“From my viewpoint, it is much harder now because the Marines fighting in Iraq are my flesh and blood, my sons,” explained Renee.

They are waiting for the day when they will be back home together and can share their stories with each other and their family. Each brother is working with their units in support of the global war on terrorism, forever remembering the time they spent with each other during Operation Iraqi Freedom.

What's Special About a Marine?

From Dan, Via Seamus:

Ask a Marine what's so special about the Marines and the answer would be "Esprit de Corps", an unhelpful French phrase that means exactly what it looks like - the spirit of the Corps, but what is that spirit, and where does it come from?

The Marine Corps is the only branch of the U.S. Armed Forces that recruits people specifically to fight.

The Army emphasizes personal development (an Army of One), the Navy promises fun (let the journey begin), the Air Force offers security (its a great way of life).

Missing from all the advertisements is the hard fact that a soldier's lot is to suffer and perhaps to die for his people, and take lives at the risk of his/her own. Even the thematic music of the services reflects this evasion.

The Army's Caisson Song describes a pleasant country outing. Over hill and dale, lacking only a picnic basket.

Anchors Aweigh, the Navy's celebration of the joys of sailing, could have been penned by Jimmy Buffet.

The Air Force song is a lyric poem of blue skies and engine thrust. All is joyful, invigorating, and safe.

There are no land mines in the dales nor snipers behind the hills, no submarines or cruise missiles threaten the ocean jaunt, no bandits are lurking in the wild blue yonder.

The Marines Hymn, by contrast, is all-combat. We fight our Country's battles, First to fight for right and freedom, we have fought in every clime and place where we could take a gun, in many a strife we have fought for life and never lost our nerve.

The choice is made clear. You may join the Army to go to adventure training, or join the Navy to go to Bangkok, or join the Air Force to go to computer school. You join the Marine Corps to go to War!

But the mere act of signing the enlistment contract confers no status in the Corps.

The Army recruit is told from his first minute in uniform that "you're in the Army now", soldier. The Navy and Air Force enlistees are sailors or airmen as soon as they get off the bus at the training center.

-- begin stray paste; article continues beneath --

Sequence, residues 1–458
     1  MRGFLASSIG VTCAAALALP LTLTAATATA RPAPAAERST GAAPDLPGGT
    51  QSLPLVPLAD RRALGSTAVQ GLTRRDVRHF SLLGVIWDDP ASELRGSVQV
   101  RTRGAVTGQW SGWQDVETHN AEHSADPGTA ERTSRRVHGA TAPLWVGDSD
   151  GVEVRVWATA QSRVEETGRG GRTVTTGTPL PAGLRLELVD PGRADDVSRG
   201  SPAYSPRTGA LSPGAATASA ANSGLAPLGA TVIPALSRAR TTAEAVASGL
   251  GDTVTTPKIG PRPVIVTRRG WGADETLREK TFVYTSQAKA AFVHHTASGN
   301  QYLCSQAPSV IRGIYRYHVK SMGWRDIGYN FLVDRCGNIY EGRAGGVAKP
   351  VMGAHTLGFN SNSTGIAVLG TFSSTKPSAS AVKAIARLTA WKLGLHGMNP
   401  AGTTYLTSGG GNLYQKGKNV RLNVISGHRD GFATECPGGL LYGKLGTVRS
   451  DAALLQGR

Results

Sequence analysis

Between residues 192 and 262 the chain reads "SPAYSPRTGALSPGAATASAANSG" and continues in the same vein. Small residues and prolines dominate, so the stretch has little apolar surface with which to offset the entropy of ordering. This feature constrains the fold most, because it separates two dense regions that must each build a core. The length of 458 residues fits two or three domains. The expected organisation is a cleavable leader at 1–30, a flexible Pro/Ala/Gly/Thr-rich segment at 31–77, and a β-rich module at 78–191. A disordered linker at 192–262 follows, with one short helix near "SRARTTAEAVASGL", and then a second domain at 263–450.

The new arrival at Marine Corps boot camp is called a recruit, or worse, but never a MARINE. Not yet, maybe never. He or she must earn the right to claim the title of UNITED STATES MARINE, and failure returns you to civilian life without hesitation or ceremony.

Recruit Platoon 2210 at San Diego, California trained from October through December of 1968. In Viet Nam the Marines were taking two hundred casualties a week, and the major rainy season operation Meade River, had not even begun. Yet Drill Instructors had no qualms about
winnowing out almost a quarter of their 112 recruits, graduating eighty-one. Note that this was post - enlistment attrition; every one of those who were dropped had been passed by the recruiters as fit for service.

But they failed the test of Boot Camp, and not necessarily for physical reasons; at least two were outstanding high school athletes for whom the calisthenics and running were child's play. The cause of their failure was not in the biceps nor the legs, but in the spirit. They had lacked the will to endure the mental and emotional strain, so they would not be Marines. Heavy commitments and high casualties not withstanding, the Corps reserves the right to pick and choose.

History classes in boot camp? Stop a soldier on the street and ask him to name a battle of World War One. Pick a sailor at random to describe the epic fight of the Bon Homme Richard. Everyone has heard of McGuire Air Force Base. So ask any airman who Major Thomas McGuire was, and why he is so commemorated.

I am not carping, and there is no sneer in this criticism. All of the services have glorious traditions, but no one teaches the young soldier, sailor or airman what his uniform means and why he should be proud of it.

But ask a Marine about World War One, and you will hear of the wheat field at Belleau Wood and the courage of the Fourth Marine Brigade, fifth and sixth regiments.

Faced with an enemy of superior numbers entrenched in tangled forest undergrowth, the Marines received an order to attack that even the charitable cannot call ill - advised. It was insane. Artillery support was absent and air support had not yet been invented, so the Brigade charged German machine guns with only bayonets, grenades, and indomitable fighting spirit. A bandy-legged little barrel of a gunnery sergeant, Daniel J. Daly, rallied his company with a shout, "Come on you sons a bitches, do you want to live forever"?